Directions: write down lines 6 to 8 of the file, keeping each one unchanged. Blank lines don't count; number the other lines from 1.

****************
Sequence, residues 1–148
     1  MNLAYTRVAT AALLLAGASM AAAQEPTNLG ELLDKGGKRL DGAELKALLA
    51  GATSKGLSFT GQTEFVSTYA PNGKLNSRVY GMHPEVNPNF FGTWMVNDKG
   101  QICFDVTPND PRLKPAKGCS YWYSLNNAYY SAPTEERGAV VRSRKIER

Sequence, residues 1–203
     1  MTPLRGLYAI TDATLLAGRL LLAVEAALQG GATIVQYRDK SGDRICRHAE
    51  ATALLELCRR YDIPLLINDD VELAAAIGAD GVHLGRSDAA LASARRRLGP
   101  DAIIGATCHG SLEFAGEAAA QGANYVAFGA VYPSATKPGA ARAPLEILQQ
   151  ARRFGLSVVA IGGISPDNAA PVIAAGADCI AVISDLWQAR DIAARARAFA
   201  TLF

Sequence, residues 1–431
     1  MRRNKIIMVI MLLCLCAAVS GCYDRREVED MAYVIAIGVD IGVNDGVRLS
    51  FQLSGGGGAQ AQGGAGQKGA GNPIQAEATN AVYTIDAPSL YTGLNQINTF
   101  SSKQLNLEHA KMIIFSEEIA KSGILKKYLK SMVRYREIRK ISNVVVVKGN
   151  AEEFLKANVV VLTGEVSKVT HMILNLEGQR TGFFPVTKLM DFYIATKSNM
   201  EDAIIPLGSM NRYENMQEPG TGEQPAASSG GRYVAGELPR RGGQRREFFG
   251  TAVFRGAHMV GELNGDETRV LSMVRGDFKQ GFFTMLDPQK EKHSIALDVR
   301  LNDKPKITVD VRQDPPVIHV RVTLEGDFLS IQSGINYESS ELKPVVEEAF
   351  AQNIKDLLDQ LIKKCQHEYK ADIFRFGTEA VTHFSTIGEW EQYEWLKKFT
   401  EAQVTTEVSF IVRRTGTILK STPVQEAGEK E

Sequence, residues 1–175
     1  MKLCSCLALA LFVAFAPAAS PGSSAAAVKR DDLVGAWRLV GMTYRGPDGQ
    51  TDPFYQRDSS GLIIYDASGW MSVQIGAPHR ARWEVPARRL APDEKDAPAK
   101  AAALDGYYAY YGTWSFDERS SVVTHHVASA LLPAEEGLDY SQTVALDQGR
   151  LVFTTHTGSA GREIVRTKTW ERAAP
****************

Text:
     1  MTPLRGLYAI TDATLLAGRL LLAVEAALQG GATIVQYRDK SGDRICRHAE
    51  ATALLELCRR YDIPLLINDD VELAAAIGAD GVHLGRSDAA LASARRRLGP
   101  DAIIGATCHG SLEFAGEAAA QGANYVAFGA VYPSATKPGA ARAPLEILQQ